• GetProductsBySupplierId: Accepts an integer parameter that is passed to the sp_GetProductBySupplierID stored procedure.
  • GetProductsBySupplierName: Accepts a string parameter that is passed to the sp_GetProductBySupplierName stored procedure.

Each method is public and tagged with the WebMethod attribute. In addition, the SoapDocumentMethod attribute is assigned to each method as well to control SOAP formattnig.

For overall SOAP body formatting, or style, the Web Services Description Language (WSDL) provides two choices: RPC and document. The .NET Framework controls these choices in code using attributes. Document refers to formatting the XML Web service method according to an XSD schema. The document style refers to formatting the Body element as a series of one or more message parts following the Body element.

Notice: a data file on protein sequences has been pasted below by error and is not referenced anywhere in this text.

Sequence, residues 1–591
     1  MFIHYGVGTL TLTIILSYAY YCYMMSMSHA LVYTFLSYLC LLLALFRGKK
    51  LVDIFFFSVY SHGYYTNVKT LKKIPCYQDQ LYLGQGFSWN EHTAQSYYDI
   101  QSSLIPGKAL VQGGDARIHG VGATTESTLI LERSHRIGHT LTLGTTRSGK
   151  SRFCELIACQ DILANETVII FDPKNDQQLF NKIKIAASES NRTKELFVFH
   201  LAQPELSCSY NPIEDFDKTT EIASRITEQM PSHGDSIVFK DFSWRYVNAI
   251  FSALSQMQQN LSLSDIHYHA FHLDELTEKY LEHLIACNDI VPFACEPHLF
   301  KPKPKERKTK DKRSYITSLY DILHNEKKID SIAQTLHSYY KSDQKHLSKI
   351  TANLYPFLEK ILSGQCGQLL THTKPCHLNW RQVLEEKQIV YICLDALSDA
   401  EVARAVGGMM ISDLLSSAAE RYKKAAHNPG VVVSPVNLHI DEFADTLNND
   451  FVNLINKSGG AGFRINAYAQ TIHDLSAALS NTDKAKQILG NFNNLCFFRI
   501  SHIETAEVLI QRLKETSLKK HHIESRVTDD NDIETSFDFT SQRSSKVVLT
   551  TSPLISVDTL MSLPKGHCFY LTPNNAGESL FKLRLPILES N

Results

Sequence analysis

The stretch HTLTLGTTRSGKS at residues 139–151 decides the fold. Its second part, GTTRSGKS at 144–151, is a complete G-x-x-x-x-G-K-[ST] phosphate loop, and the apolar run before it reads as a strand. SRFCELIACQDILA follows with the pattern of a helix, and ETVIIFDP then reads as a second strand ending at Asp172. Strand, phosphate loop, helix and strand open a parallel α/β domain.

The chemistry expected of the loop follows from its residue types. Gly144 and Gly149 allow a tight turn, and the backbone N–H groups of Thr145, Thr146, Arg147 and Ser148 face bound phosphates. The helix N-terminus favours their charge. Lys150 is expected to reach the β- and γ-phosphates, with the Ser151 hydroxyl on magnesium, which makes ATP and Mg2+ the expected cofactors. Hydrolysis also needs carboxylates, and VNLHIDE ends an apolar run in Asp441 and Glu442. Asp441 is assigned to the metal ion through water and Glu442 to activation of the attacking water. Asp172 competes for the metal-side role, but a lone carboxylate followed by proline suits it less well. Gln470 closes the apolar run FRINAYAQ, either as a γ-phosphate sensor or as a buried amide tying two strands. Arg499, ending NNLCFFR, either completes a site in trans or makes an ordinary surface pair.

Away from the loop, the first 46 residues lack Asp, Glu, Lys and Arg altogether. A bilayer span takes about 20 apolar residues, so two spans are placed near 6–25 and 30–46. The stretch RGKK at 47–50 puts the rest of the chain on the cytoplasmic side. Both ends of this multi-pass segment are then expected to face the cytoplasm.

Listing A contains the code for the Web service I created. The Web service is simple, and this simplicity is aided by the Data Access Application Block (DAAB). DAAB is an excellent addition to a .NET developer's toolbox. It provides a clean and elegant method for access data in your .NET applications.

A great aspect of DAAB is the simple approach to creating methods. You can use it to return almost any data-related object including DataSet in our example. The overloaded method signatures ensure ease-of-use. They accept the same set of parameters: connection string, command type, SQL, and parameter object. The parameter object is only necessary when using stored procedures with parameters as this sample illustrates. I love interfacing with SQL Server in so few lines of code. Listing B contains the Web service written with VB.NET.

Does it work?

Web services may communicate over a network using industry standard protocols. One such approach uses standard HTTP and a browser to access the service. We may test our service using this approach.

The following URL will call the service and provide links to the exposed methods (note: I am using my local development machine signified by localhost):